The decision to stop drilling at this point was unanimously agreed by all partners based on safety criteria and was taken after reaching a point in the well where the pressure design limits for safe operations prevented further drilling to the main objective.

Jaguar-1 was a high pressure, high temperature (HPHT) well which was spudded in February 2012 using the Atwood Beacon jack-up rig. Whilst the primary Late Cretaceous objective was not reached, samples of light oil were successfully recovered from two Late Cretaceous turbidite sands. The partners to the Georgetown PPL are Repsol Exploración S.A (15%), as operator, along with YPF Guyana Limited (30%), Tullow Oil plc (30%) and CGX Resources Inc. (25%).

Kerry Sully, President and CEO stated, “Based on hydrocarbons recovered during the drilling of Jaguar-1, CGX is confident that a new well targeting the same prospect would hold significant promise and is therefore committed to seek a re-drill utilizing a new well design.”

Commenting on the Company’s plans in the Guyana Suriname basin, Suresh Narine, Chairman, reiterated CGX’s near-term goals stating, “In addition to our commitment well on the Corentyne Block, we are planning a 3D seismic program later this fall with our ultimate goal being to commit to a rig for a three to five well program. Added to this would be the re-drill of the Late Cretaceous target addressed by the Jaguar-1 well.”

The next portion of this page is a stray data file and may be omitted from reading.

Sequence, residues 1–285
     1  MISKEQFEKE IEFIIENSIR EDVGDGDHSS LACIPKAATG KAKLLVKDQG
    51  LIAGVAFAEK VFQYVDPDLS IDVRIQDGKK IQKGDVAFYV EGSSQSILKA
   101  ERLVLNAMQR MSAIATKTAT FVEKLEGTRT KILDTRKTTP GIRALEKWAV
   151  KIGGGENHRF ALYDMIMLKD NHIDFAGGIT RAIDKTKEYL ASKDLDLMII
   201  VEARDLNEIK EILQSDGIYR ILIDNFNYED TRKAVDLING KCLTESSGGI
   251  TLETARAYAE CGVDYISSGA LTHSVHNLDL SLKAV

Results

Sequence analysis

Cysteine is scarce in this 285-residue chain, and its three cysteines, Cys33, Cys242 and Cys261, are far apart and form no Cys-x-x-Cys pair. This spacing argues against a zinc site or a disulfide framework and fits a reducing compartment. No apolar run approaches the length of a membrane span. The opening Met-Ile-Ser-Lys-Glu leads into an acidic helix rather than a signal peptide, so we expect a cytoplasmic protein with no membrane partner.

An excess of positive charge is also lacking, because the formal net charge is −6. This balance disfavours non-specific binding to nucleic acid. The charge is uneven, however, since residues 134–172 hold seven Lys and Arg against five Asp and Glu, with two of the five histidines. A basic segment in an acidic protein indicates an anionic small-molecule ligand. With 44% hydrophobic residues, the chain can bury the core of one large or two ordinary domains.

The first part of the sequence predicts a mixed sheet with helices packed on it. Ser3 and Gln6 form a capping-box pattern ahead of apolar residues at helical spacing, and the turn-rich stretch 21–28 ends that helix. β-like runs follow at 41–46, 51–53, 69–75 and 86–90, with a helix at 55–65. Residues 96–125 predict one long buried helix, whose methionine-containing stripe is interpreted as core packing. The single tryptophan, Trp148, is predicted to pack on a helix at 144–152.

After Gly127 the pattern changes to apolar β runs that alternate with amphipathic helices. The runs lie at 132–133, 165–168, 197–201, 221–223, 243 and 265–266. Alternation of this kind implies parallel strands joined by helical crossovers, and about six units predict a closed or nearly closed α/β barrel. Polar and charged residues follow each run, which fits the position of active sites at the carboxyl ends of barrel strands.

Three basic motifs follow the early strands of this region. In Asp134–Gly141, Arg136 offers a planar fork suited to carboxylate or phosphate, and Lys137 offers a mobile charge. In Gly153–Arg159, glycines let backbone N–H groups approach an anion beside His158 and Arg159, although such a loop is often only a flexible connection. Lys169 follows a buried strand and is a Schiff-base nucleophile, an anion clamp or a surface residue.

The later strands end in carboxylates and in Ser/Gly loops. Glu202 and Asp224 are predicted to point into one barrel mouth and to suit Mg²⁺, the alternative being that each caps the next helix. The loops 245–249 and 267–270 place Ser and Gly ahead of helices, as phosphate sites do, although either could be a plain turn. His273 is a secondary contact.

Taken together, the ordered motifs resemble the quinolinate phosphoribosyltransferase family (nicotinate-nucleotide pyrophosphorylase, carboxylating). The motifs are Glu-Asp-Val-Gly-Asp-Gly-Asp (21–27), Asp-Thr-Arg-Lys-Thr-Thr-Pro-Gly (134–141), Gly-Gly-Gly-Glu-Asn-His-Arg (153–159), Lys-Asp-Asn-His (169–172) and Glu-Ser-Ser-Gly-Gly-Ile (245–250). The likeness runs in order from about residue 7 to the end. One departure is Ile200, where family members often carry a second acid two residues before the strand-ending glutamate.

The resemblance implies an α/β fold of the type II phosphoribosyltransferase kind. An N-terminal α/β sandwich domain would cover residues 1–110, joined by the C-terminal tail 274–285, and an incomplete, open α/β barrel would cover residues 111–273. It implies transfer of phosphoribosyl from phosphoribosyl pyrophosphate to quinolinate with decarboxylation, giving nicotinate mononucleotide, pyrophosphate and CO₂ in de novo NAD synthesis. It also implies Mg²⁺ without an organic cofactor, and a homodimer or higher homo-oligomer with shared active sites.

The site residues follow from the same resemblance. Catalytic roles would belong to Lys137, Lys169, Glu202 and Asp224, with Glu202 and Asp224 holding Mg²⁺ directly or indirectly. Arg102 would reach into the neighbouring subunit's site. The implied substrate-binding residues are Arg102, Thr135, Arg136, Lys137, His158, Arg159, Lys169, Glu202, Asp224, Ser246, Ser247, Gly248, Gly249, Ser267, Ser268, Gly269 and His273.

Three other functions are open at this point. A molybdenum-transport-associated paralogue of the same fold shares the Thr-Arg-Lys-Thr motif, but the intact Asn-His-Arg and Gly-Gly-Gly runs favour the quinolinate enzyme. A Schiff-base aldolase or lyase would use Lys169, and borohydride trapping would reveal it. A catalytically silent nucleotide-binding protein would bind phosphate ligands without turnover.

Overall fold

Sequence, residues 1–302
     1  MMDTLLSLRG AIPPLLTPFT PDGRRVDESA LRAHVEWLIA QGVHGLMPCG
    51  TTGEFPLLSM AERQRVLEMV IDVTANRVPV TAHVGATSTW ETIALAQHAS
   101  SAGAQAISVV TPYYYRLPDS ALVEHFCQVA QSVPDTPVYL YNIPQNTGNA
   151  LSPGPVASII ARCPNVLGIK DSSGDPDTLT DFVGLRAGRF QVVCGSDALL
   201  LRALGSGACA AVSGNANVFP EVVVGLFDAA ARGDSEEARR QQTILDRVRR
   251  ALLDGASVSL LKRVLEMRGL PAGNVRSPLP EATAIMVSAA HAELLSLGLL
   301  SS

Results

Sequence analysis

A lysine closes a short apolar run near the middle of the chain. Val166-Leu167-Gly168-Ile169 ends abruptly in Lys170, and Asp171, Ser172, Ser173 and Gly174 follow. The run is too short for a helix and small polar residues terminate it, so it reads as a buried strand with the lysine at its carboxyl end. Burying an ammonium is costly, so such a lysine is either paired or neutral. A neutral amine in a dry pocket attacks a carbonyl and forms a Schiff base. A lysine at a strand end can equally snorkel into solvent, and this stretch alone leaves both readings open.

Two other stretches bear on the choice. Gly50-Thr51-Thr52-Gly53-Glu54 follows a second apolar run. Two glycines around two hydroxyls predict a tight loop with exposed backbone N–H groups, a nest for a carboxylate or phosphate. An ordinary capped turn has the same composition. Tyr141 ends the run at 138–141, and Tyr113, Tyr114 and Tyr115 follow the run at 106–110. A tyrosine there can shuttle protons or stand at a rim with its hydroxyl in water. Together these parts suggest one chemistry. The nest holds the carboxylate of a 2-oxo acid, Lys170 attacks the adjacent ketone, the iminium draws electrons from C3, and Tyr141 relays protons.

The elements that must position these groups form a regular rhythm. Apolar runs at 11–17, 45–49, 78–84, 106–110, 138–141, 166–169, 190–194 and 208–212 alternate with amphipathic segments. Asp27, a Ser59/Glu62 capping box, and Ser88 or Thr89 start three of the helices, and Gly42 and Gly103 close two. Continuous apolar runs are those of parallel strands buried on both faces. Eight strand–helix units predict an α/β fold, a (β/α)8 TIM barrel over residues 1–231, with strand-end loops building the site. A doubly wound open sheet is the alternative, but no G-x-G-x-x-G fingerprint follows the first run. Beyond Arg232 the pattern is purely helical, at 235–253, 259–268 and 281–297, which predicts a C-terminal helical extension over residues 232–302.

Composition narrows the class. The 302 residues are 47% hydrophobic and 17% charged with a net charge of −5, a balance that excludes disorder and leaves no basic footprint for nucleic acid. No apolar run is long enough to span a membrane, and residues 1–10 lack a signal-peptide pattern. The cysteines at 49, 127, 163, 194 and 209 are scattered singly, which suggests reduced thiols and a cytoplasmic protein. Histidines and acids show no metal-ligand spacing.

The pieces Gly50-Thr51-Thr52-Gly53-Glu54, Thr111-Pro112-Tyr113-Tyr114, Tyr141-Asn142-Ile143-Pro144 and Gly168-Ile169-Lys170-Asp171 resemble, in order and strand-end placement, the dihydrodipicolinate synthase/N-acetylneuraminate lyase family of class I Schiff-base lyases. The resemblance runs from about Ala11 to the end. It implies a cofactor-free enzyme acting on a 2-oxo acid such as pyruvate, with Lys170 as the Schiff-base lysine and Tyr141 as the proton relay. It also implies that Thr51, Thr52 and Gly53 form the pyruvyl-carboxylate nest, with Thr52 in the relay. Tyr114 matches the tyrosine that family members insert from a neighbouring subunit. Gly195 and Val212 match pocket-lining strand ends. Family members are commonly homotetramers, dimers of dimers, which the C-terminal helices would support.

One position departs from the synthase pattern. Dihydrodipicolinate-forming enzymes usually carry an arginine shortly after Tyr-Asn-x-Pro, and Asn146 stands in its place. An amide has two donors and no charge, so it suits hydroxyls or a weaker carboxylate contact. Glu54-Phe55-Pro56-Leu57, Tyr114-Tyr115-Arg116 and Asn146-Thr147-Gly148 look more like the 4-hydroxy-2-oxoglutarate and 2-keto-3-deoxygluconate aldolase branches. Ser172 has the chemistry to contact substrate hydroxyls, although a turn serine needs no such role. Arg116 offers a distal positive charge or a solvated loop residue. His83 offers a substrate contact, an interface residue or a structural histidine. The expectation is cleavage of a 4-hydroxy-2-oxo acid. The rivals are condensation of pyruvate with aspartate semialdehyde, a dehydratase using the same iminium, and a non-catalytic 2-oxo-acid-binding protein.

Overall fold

Repsol, Partners Abandon Jaguar-1 Well (Guyana)| Offshore Energy Today.

Second Well Follows Guyane Oil Discovery

Northern announces that as anticipated by Shell France on June 23rd, The Stena Drillmax ICE drillship commenced operations on the GM-ES-2, the second well on the Guyane Maritime permit on Friday 6th July. GM-ES-2 follows up on the Zaedyus oil discovery in late 2011, which encountered 72 metres of net oil pay in two turbidite sand systems successfully proving that the Jubilee play is mirrored across the Atlantic from West Africa.